Eastern Municipal Water District Works with Enel X to Reduce Significant Electrical Load
Demand response is a key strategy that helps us curtail energy use—without any impact on service. It makes real sense for us.
The most important benefit of demand response is that it can be easily implemented by EMWD—without requiring major changes or affecting its core mission of providing clean water to its constituents. Under the program terms, EMWD can choose to participate in a dispatch at varying levels by choosing to run its equipment at lower levels or shutting them down completely. And it always has the option of manually restarting whenever it needs to.
Key benefits that Enel X DR brings to Eastern Municipal Water District include:
Reduction without BUGs
The agency’s wastewater treatment facilities have on-site electrical generation capabilities with state-of-the-art, gas-powered backup generators (BUGs) capable of generating more than 6 MW. However, at its water treatment facilities that are enrolled in this program, EMWD does not have BUGs. Its reduction of 1.5 MW is achieved completely via energy reductions, not backup generation.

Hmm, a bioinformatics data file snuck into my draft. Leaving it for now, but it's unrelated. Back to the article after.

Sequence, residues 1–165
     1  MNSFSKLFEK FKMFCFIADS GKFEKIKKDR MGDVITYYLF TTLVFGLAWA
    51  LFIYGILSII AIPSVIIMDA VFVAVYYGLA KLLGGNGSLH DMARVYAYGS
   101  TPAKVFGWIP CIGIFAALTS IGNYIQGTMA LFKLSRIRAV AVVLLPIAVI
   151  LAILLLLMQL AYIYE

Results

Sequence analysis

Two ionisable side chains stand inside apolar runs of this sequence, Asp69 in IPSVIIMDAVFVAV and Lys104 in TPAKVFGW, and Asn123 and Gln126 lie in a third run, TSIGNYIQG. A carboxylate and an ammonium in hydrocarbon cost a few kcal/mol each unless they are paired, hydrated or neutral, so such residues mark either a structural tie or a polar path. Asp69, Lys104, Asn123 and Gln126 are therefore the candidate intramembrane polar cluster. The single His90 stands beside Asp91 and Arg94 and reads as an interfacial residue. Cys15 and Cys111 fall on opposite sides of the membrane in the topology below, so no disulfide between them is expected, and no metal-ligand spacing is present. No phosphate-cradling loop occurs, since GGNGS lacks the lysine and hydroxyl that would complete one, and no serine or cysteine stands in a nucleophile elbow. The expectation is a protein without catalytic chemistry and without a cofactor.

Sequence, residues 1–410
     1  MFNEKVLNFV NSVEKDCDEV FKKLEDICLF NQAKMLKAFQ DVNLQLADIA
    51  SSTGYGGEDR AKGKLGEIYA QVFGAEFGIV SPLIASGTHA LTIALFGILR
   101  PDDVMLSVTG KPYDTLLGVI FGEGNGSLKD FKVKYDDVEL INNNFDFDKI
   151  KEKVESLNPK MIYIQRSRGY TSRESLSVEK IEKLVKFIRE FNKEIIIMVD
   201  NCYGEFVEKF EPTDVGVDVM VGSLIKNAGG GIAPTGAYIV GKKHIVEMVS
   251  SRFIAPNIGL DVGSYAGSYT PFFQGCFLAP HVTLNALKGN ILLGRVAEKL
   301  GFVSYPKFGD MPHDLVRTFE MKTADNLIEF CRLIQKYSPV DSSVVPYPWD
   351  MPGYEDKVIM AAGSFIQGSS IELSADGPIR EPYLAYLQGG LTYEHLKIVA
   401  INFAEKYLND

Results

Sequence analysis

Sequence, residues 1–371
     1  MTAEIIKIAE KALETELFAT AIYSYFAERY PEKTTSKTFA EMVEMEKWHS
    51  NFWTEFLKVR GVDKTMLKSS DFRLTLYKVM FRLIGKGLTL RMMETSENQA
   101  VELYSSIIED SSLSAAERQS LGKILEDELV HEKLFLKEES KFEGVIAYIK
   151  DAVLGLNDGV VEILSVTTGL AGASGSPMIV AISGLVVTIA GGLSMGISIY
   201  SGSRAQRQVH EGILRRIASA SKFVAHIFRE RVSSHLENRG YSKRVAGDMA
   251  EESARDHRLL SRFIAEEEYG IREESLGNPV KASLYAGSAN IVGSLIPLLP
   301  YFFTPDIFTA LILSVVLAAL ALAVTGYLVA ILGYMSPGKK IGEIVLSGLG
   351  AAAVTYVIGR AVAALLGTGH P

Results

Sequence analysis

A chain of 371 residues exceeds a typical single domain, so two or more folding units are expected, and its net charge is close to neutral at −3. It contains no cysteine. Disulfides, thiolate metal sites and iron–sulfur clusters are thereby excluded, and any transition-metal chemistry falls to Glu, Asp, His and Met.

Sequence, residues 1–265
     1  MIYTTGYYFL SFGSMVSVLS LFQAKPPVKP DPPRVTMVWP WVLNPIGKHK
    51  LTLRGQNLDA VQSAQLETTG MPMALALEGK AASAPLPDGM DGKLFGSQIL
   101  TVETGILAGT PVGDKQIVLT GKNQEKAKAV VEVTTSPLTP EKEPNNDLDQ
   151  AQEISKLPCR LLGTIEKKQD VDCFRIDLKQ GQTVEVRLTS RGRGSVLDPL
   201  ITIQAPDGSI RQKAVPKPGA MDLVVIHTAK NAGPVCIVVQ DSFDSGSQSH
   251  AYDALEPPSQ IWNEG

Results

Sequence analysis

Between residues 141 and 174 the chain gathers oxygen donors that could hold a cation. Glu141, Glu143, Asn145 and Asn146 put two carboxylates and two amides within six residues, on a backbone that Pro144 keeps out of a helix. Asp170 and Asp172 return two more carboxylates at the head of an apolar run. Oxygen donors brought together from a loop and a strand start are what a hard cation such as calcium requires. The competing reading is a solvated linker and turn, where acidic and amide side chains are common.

Part of a Comprehensive Strategy
EMWD actively pursues and participates in a wide range of programs offered by Southern California Edison. “We’ve always taken a position where we try to be flexible about our energy use,” says Howell. “And over the years we’ve developed a comprehensive energy strategy.” For example, its wastewater treatment plants participate in Southern California Edison’s I-6 Program for Large Interruptible Accounts, which offers lower electricity rates. Demand response fills a clear role in its portfolio of efforts aimed at reducing energy use, lowering costs, and maximizing the efficiency of electricity use throughout EMWD.
A Professional DR Partner
Working with Enel X has been a great experience, according to Howell. “The demand response program is very professionally operated,” he says. “I’m impressed with the communications and very comfortable with our partnership with Enel X.”
Now that initial testing of demand response at two of EMWD’s facilities has proven successful, the district is evaluating other likely DR candidates among its nearly 250 additional facilities. “We’ll be looking at possible facilities that can be enrolled and that can reduce demand via curtailment,” says Howell. “As long as we can manage the program centrally, we can continue to add other facilities. I anticipate that approximately ten of our facilities may participate eventually.”
The water industry, in my opinion, has the potential to significantly impact the power demands of the state of California. We can reduce enough that we can put a serious dent in the state’s peak electrical demand.
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